Posted Nov 16, 2017
When you’re new to the world of indoor cycling, words like “resistance” and “posture” can seem a tad overwhelming. In the midst of a 45-minute, calorie-blasting cardio workout you’re trying to figure out the lingo, find the rhythm, and learn the dance moves all while trying to keep your legs moving. That can be A LOT- but don’t worry, we’ve got you covered. We consulted a pro (aka elite instructor Kathryn) for some tips to help you spin smarter so you can get the most out of your ride and crush the BREAKTHROUGH22 challenge!
It All starts With Settings.
If you’re unsure, never really checked it, new to our new bikes, or anywhere between your first ride or 500th- check your settings! The smallest little adjustments can completely change your ride.
Seat height and seat distance are the two biggest factors. Rule of thumb: your seat should be at your hip bone. When you’re seated next to the saddle, let your legs extend at the bottom of the pedal stroke—you should have a slight bend to you knee when you’re clipped in.
Handlebar height is personal preference. Higher handlebars give more stability which is great for new riders! To further engage your core, set your handlebars to be even with your seat.
Distance between your seat and handlebars should be roughly the distance between your elbow and fingertips. It is a balance between give yourself room to move around, but still being able to reach the handles.
No Resistance, No Results
This may seem a little obvious, but the resistance is what can make or break your ride. Our motto is “NEVER ride at Zero!” For one, without resistance you aren’t maximizing your workout, but two, you can actually hurt yourself. Resistance helps weigh you down so you can control your ride. Your can get bouncy and unsafe without enough, plus, the more resistance you use = the more calories burned!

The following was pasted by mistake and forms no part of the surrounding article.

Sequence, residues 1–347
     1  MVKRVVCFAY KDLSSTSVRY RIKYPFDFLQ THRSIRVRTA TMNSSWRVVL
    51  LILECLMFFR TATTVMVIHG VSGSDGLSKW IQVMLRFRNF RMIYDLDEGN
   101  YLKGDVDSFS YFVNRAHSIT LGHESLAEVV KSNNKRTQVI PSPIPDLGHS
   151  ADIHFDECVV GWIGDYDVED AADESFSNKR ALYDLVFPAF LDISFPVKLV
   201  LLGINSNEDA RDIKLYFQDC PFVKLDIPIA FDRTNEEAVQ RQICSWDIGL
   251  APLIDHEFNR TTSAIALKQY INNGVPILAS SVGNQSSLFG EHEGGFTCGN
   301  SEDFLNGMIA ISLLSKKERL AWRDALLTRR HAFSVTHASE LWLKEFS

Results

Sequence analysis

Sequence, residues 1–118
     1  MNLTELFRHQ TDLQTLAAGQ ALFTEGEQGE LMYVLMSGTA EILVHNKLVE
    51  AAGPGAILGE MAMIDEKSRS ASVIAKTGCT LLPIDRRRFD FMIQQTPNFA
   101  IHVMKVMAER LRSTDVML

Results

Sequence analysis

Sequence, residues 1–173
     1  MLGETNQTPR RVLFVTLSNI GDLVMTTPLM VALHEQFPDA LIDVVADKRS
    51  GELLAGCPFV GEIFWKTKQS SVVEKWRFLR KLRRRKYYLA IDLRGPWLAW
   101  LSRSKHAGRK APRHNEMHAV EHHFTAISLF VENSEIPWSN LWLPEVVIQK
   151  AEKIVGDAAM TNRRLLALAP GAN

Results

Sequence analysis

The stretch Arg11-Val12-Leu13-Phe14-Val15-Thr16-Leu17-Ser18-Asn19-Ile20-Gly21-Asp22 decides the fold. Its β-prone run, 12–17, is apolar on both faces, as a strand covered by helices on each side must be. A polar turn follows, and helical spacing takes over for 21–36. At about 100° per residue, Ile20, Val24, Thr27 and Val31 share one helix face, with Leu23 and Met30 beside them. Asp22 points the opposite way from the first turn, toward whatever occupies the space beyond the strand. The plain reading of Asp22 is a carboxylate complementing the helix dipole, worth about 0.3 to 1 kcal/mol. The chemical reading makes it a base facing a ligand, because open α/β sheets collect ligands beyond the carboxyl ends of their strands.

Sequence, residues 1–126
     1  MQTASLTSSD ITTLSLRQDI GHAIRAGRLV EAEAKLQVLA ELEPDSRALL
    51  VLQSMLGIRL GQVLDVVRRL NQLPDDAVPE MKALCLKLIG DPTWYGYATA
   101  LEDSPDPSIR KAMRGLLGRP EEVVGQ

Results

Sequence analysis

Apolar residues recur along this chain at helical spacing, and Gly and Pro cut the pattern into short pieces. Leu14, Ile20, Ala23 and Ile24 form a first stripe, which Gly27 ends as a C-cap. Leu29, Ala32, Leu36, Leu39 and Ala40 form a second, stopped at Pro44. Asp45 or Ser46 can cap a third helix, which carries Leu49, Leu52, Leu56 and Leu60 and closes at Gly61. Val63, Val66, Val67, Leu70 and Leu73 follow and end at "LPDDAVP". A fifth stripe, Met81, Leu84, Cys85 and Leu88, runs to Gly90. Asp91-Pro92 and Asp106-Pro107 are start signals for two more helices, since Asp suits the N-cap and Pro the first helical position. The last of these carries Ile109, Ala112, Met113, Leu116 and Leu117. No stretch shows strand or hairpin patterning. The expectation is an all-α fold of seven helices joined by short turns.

“There’s this awful myth that more resistance will make your legs big- SUPER untrue.” –Kathryn
The Core of Your Ride
You’ll hear it a hundred times every class: “ENGAGE YOUR CORE!” Alright great, but what does that mean? An easy guide is to imagine squeezing your belly button to your spin, basically just flexing those abs!
The key to engaging your core is all about posture- your hips have to be far back in the saddle with the nose of your saddle in between your thighs. The further back your booty gets, the more your glutes are fired up. Your arms should extend out, with a slight bend in your elbows. From there, the lean forward comes from the hips- think of them as a hinge- and your back stays strong and flat (try to stop your back from arching.)
Whenever you are doing choreography on the bike, you need to keep your core engaged. When you drop downs, don’t make your arms do all the work, curl your core muscles like you’re doing crunches. Anytime you bounce to the side, move your body from your core not with your shoulders. Finally, when you do a tap back, squeeze your abs to pull your booty to the back of the bike.
Armed & Powerful
Step one with arms is posture and core. I know, I know, we just went over this, but you’ll only get the most out of arms if your whole body is engaged. Sit up nice and straight and roll your shoulders back to open up your lungs. Make sure your core is nice and tight. Pro tip: whenever you change your arm routine, remind yourself to sit up straight and squeeze that belly button.
When you are trying to tone your arms remember reps > weight (high weights and low reps actually make you bulk). You are doing arms anywhere from 4-8 minutes, so it is important to pick a weight that you can maintain. If you are feeling like you are going to drop, it is better to put down your weights and continue the sequence without weights or using your towel. The repetition of arms is what makes them tone and strong!
We hope these tips help you get on your grind and find your groove. Remember these 45-minutes are all about YOU. Work hard, push through, and have a little fun with it because hey, you’re dancing on a bike in a dark room after all—no one can really see you. 😉Tagged: